Articles Posted in Health Care and Hospitals

Hospital Antitrust CasesWhat is great about practicing antitrust law is that you take deep dives into the intricacies of different markets from the shelf space in drug stores for condoms—an actual case from several years ago—to insurance brokerage pricing to processed eggs and everything in between.

There are, however, certain industries that repeat themselves in the antitrust world, which isn’t a surprise because some industries are more susceptible to antitrust issues than others. For example, the airline and pharmaceutical industries consistently face antitrust scrutiny because of the nature of their markets and the regulations surrounding them.

But the industry I’d like to discuss here is the health-care or medical industry, and more specifically, hospitals. I’ve found myself with many antitrust and non-antitrust cases involving health-care of one sort or another over the last couple years, so this area has become an interest of mine.

Lately, I have also spent more time than I will publicly admit consuming materials (mostly books, blogs, and podcasts) on health, nutrition, and fitness, which (combined with my health-care cases) has my family often reminding me that I am not a doctor after some well-meaning but often unwelcome advice.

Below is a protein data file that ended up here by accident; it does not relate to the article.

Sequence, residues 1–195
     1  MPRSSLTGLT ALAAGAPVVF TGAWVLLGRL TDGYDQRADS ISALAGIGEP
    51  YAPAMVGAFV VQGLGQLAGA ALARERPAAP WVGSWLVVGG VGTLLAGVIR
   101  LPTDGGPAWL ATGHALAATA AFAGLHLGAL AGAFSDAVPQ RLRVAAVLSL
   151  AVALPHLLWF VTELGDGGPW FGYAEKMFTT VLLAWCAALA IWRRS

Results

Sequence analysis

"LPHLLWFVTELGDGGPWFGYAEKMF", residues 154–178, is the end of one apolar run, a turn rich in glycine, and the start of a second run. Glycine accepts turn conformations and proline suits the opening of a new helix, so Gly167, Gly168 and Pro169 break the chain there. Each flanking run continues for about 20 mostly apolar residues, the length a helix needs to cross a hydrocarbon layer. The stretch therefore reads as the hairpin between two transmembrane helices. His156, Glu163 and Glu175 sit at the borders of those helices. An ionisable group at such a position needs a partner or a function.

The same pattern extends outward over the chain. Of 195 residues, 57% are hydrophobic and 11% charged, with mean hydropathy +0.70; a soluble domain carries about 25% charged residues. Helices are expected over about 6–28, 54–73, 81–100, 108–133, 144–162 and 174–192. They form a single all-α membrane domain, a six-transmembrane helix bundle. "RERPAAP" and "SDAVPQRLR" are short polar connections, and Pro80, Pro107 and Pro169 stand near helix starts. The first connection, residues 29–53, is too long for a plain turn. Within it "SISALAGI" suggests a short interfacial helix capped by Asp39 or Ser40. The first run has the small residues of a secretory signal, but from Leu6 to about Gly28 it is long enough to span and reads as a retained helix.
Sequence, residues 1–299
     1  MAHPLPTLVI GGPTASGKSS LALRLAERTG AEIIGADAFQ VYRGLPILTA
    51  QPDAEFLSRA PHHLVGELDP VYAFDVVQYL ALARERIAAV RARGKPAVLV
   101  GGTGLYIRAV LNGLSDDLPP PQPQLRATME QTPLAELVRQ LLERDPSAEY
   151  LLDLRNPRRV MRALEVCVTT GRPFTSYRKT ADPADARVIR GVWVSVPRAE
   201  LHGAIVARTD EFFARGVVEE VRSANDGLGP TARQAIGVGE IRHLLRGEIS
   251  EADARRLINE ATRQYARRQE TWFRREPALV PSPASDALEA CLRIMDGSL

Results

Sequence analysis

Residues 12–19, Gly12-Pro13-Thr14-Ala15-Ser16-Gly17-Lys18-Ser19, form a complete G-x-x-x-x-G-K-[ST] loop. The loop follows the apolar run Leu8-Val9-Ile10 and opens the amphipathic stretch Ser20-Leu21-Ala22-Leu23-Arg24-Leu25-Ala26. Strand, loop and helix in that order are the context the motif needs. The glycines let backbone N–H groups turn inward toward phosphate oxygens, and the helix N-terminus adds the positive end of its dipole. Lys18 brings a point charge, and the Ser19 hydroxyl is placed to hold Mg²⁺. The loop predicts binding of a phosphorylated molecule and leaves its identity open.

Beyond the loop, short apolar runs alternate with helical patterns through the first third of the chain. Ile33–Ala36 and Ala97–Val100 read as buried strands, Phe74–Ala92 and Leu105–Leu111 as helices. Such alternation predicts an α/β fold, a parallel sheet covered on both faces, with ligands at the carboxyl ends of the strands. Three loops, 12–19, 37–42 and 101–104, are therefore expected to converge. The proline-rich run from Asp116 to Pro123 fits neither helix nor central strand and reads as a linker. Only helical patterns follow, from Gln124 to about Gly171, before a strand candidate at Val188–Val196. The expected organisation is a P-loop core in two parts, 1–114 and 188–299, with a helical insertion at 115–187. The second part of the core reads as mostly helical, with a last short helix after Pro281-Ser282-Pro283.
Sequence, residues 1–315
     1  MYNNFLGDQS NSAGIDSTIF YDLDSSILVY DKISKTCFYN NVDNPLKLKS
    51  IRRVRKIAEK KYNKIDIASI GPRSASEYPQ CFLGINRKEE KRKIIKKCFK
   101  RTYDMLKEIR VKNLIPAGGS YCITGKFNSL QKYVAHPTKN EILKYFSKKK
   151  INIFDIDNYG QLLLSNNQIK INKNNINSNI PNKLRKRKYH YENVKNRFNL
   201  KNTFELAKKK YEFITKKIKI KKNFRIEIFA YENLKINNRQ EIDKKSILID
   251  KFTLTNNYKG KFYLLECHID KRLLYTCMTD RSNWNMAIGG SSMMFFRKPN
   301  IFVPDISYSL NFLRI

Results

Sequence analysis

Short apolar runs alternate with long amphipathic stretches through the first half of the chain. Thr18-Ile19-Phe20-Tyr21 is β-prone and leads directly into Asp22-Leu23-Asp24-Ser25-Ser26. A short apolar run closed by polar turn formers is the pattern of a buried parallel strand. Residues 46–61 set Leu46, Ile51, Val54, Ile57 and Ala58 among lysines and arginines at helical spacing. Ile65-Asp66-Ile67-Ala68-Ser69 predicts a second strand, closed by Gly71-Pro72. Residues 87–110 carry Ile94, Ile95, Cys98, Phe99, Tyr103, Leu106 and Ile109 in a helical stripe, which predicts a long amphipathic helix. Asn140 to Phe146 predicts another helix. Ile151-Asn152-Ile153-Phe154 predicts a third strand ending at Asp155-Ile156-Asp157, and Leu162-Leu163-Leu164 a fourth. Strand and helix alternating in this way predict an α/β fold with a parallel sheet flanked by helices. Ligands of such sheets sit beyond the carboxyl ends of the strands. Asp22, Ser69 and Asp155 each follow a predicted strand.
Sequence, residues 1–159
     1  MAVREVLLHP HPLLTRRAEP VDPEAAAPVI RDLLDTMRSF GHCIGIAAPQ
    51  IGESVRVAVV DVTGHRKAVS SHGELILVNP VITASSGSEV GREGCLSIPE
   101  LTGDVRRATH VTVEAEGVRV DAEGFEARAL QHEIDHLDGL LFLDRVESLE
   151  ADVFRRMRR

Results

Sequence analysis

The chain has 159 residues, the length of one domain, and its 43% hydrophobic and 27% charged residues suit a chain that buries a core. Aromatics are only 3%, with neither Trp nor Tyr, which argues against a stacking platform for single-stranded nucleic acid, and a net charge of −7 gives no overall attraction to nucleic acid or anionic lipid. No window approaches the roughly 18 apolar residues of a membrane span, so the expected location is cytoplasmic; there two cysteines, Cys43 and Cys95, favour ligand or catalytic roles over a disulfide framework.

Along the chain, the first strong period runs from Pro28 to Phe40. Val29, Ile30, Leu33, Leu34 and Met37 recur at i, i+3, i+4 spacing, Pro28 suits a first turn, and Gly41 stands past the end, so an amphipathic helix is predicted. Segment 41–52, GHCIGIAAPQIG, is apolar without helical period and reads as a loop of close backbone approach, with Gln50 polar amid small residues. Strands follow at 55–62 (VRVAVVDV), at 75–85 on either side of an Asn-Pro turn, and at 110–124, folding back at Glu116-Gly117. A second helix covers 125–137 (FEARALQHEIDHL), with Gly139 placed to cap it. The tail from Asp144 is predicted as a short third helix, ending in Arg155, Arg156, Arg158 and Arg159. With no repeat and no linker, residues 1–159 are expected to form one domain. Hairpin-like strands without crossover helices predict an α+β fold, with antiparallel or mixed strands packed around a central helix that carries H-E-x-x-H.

If you follow antitrust, you will notice that there are a lot of cases about hospitals. Why is that? This might seem surprising at first glance because many hospitals are non-profits or government-owned and you probably don’t picture a hospital in your mind when you think of the term “monopolizing.”

(If you can make it through the explanation below, you can read about a recent Department of Justice antitrust action against some Michigan hospitals that apparently agreed not to compete with each other in particular ways).

First, non-profit status is not a defense to the antitrust laws. Whether you have stockholders or owners that keep residual profits or not, you have to play by the antitrust rules. Non-profit entities (and their officers) still seek power, influence and prestige. And, increasingly, state and local government entities are subject to the antitrust laws. I’ve written a lot about that on The Antitrust Attorney Blog; you can access those articles in the State-Action Immunity category.